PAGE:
I didn’t Kanye West my way onto the stage. Instead, I tweeted some Simon-isms on our Twitter page and then I let the whole experience sink into my overwhelmed conference brain. Like with many exciting moments, the ideas that spark the excitement fade after some time. Sometimes you even question what got you so excited in the first place. But not this time. In fact, this time it wasn’t the excitement that continued, it was instead my confidence in how Rehearsal could help every person in that audience and all of those people out there who make it their responsibility to make others better at what they do.

I found this article. Well, I found many articles as I searched for how Simon described “practice” at work. In every case, I challenged myself to make the connection between Simon’s philosophy and how Rehearsal could make it a reality. The reason I chose this article in particular is because each of the three things that Simon identifies as a “thing” that makes a leader…well, none of them are typically things you imagine practicing, especially in front of a web cam. But what I found is that each is, in fact, practicable. See how…my notes are in red and what follows is an excerpt of a recently published article on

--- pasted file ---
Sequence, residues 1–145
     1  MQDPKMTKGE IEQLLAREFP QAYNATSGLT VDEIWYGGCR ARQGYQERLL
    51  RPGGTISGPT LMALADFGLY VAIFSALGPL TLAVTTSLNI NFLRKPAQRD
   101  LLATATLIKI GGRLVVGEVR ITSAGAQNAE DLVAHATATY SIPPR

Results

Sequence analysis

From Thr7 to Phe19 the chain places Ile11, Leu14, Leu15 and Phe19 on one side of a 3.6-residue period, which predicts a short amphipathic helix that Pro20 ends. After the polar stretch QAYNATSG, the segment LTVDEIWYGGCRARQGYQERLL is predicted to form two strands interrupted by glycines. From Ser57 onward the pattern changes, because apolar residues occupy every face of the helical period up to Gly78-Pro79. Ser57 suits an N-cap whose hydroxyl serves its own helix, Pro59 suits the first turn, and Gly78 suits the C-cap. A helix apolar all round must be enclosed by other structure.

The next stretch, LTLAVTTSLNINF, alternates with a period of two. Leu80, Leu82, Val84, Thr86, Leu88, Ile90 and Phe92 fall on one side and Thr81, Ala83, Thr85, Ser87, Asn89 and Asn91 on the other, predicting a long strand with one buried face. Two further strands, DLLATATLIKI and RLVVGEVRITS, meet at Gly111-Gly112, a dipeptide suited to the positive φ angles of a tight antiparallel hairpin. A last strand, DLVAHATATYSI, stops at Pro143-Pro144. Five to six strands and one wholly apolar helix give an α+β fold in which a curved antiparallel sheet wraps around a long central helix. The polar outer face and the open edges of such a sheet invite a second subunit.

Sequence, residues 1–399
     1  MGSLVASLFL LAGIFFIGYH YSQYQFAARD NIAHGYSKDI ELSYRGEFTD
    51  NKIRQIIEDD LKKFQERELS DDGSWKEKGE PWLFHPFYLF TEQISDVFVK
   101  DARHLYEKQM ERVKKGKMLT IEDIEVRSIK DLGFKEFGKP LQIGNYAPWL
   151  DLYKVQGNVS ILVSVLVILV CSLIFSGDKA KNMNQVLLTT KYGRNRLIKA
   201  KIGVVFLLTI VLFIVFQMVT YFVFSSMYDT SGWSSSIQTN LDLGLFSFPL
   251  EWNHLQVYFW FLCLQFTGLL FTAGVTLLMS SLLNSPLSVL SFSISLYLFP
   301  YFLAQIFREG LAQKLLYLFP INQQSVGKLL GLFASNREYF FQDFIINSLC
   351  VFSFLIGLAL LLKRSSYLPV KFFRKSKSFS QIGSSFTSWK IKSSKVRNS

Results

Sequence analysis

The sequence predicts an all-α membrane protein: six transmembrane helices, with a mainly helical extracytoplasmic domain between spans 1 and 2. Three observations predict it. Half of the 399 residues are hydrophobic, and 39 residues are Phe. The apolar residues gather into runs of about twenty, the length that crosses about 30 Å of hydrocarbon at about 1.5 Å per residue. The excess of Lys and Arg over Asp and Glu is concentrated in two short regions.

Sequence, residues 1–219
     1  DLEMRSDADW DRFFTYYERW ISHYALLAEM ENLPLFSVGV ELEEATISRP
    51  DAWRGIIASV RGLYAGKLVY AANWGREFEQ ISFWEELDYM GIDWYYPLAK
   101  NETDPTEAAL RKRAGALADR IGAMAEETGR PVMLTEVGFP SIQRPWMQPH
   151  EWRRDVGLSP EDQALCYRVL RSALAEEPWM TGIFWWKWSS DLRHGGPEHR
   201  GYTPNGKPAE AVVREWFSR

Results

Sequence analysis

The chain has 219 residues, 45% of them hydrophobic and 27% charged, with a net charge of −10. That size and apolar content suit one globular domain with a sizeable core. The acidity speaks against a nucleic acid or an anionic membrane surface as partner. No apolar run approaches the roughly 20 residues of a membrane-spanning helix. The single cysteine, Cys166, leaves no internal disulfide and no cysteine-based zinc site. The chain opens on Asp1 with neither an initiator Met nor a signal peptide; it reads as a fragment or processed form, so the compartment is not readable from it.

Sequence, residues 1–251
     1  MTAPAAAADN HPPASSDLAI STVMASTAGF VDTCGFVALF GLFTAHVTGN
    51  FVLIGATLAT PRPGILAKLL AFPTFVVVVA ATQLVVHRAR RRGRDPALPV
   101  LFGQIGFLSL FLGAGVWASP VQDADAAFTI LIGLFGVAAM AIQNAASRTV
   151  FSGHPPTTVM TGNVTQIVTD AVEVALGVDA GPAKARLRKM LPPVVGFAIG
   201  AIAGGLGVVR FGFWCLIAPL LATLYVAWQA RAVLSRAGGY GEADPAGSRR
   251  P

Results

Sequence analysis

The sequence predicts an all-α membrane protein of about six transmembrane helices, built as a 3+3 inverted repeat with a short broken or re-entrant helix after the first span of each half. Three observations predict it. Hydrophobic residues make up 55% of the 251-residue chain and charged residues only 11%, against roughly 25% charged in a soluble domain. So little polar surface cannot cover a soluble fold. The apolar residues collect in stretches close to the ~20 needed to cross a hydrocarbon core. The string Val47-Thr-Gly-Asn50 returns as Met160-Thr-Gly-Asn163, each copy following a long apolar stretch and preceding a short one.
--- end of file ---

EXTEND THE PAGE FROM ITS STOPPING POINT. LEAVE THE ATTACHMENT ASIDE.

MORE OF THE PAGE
People like to be around people they trust–it’s as simple as that. “Humans are constantly assessing people and organizations around them, and if they feel they’re selfish, they’ll keep a safe distance,” said Sinek. On the other hand, people tend to want to associate with people and brands characterized by an element of selflessness. Creating that human connection–building trust–is key, though it does take time. Just remember: You’re responsible for setting that tone, Sinek warned. [Here is it…TONE! Do you know how you deliver a message? How would you even know? Sometimes we take for granted that our intentions are received, but our tone may not convey the message we intend. You can practice your tone. But you can only do so once you have seen and heard yourself deliver a message. With Rehearsal, you can see yourself ask a very common and simple question like, “How are you doing this morning?” Or more complicated messages like, “I’m worried about your performance lately. Can we talk?” And best of all, you can have others view your video and give you feedback. You can keep practicing until you deliver the tone you intend to be received.] “When the environment is one of a leader who [will] sacrifice, the way people respond is by sacrificing in return. Being a leader is a lifestyle decision; it means you’re willing to take care of others.”